Colorectal cancer is the third leading cause of cancer-related deaths in American men and women separately, and the second leading cause when the sexes are combined, says the American Cancer Society. In the Grand Strand, 80 new cases were diagnosed in 2016 (Cancer Registry, 2016). The good news? Early detection and regular screenings can help prevent the disease and often cure it.
What colorectal cancer is
Colorectal cancer is cancer that starts in the inner lining of the colon (the large intestine) or rectum. The cancer begins as a polyp, and eventually cancer cells can break free and spread to other parts of the body. It's important to remember that polyps are often benign, but some may lead to cancer.
Who’s at risk
Both men and women are at risk for colorectal cancer. Men have a one in 21 chance of getting it; women, a one in 23 chance. Experts aren't sure why, but African-American men and women have an even higher risk.
Studies show that certain factors may increase your risk of developing colon cancers, but why and how they affect the disease is still unknown. Being overweight or inactive, eating a diet rich in red or processed meats, smoking and heavy drinking can all increase your risk. Those over 50 or those with inflammatory bowel disease (IBD) have an increased risk, too.
Up to 20 percent of people with colon cancer have a family history of it. When the disease runs in the family, colon cancer can hit harder than in other cases.
Signs and symptoms
Colon cancer is sometimes called a "silent killer" because it often has no symptoms until the disease has progressed. Here are some symptoms that may indicate cancer:
- Prolonged bowel problems like diarrhea and constipation
- Feeling like you still have to go after a bowel movement
- Rectal bleeding
- Blood in the stool
- Weight loss
- Weakness and fatigue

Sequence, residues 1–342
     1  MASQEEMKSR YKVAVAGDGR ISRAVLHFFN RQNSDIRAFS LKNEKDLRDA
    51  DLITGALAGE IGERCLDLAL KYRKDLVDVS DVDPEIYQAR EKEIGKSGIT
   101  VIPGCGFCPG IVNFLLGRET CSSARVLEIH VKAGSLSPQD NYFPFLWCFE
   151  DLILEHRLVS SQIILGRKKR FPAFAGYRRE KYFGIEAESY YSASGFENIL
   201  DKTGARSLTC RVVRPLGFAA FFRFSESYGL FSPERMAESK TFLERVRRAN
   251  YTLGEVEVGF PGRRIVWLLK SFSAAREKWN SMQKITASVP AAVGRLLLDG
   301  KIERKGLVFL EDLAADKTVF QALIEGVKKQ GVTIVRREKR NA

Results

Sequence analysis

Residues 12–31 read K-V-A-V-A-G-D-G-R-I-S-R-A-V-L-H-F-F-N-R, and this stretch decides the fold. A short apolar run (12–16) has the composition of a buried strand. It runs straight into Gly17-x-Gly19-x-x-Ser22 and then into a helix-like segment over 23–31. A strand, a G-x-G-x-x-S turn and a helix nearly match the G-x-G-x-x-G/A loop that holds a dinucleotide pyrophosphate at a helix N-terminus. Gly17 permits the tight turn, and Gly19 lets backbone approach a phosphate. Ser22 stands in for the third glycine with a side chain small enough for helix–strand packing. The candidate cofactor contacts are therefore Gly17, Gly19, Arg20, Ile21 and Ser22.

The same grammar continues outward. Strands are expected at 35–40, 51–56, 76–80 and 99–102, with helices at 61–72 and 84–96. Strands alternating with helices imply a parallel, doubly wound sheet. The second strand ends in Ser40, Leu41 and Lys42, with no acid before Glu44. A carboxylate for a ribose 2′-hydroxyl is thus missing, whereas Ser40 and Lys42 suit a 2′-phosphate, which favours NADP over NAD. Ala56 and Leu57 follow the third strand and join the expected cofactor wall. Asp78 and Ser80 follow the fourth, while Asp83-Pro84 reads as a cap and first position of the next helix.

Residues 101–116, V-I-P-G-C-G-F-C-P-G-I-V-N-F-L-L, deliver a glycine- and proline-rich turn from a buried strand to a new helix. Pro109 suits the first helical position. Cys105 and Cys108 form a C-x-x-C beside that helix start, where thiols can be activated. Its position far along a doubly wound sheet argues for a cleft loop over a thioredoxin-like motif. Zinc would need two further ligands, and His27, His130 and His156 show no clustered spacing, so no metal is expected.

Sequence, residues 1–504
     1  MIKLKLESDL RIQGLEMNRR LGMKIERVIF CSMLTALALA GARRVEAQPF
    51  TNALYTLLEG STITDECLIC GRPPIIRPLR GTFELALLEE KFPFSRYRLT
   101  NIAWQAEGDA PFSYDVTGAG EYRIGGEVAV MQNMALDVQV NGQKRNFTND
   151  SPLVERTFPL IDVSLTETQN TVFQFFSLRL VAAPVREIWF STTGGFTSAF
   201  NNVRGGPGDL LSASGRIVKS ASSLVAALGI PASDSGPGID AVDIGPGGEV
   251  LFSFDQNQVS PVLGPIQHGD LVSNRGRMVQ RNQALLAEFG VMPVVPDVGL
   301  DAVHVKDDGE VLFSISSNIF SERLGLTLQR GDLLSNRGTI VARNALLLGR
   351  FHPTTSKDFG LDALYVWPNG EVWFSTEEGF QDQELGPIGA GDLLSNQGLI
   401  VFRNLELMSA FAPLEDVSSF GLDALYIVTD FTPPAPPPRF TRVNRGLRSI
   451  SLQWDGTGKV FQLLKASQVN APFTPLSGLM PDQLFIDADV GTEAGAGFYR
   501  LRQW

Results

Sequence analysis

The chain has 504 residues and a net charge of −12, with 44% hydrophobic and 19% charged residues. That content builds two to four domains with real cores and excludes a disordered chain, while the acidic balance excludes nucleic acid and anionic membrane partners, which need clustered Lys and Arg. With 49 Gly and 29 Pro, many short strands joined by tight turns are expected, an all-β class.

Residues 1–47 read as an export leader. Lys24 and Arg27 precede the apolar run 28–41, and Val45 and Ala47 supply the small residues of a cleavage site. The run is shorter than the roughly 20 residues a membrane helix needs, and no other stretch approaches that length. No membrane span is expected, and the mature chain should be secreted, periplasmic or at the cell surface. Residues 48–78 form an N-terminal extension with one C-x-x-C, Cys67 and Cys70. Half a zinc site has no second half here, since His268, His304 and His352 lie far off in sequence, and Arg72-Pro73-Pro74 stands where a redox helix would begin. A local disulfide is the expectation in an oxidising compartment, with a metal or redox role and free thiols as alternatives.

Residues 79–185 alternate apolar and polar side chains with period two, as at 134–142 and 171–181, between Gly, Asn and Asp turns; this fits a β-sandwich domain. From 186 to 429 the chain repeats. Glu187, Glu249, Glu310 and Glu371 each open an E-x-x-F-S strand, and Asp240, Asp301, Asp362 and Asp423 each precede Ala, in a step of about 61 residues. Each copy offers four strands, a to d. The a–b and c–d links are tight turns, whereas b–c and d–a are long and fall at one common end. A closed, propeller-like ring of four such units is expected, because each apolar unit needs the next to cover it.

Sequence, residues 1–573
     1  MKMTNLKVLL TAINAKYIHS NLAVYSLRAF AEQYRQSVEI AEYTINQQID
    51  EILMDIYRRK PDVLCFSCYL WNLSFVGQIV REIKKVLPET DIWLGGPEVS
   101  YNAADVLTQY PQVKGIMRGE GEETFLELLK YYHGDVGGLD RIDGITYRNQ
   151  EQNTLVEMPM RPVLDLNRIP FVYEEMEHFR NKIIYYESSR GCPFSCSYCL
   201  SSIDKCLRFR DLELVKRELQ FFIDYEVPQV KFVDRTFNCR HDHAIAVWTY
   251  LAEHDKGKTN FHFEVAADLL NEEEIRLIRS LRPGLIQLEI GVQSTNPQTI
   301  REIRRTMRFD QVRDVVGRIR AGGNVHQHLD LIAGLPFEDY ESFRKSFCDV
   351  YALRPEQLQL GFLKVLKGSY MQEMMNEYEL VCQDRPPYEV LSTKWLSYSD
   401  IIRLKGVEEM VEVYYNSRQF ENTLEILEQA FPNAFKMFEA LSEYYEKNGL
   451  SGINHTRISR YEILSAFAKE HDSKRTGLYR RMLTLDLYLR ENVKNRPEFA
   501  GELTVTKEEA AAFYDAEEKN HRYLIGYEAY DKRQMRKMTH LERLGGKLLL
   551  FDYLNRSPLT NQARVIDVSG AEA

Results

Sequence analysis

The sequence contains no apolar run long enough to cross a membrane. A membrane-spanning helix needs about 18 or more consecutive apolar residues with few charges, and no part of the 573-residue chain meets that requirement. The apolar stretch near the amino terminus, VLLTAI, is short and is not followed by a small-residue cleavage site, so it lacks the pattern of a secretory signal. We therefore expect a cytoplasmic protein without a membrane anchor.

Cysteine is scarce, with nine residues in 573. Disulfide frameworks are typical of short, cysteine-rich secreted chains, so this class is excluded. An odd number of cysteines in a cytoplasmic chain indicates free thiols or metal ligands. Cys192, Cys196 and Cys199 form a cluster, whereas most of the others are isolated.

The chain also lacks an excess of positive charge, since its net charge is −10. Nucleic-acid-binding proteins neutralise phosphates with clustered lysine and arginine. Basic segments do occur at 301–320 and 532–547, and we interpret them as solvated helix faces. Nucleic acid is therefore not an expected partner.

- Abdominal discomfort, pain or cramping
Screening can help doctors find the polyps and remove them early on, or diagnose and suggest treatment. The U.S. Preventive Services Task Force (USPSTF) and the American Cancer Society recommend screenings for people with average risk beginning at age 50. If you have a family history of colon cancer, consider getting screenings beginning at age 40.
Here are the most common types of screenings:
A flexible tube is inserted into the colon and rectum to check for anything out of the ordinary. If polyps are found, they are normally removed for testing. Should be done every 10 years.
- High-sensitivity fecal occult blood test (FOBT):
The stool is tested for blood. Should be done every year, if choosing this as an alternative to colonoscopy or sigmoidoscopy.
- Flexible sigmoidoscopy:
A flexible tube is inserted to check the rectum and last part of the colon. Should be done every five years.
Unfortunately, many people put off the screening process for fear that it will be uncomfortable and lengthy. Once you’ve finished prepping, the actual procedure is short and usually painless. You may feel a little bloated, but most people wake up from the procedure feeling no pain.
The cancer’s stage, location and type will all dictate which treatment option is right for you. Options include:
- Radiation therapy
- Targeted therapy
While you can’t control your genes, you can take care of your body. Here are steps you can take to lower your risk of colon cancer:
- Maintain a healthy weight
- Quit smoking
- Stay active and exercise regularly
- Avoid overeating red meat, and eat plenty of fiber
- Limit alcoholic beverages to one or two drinks a day
- Get regular screenings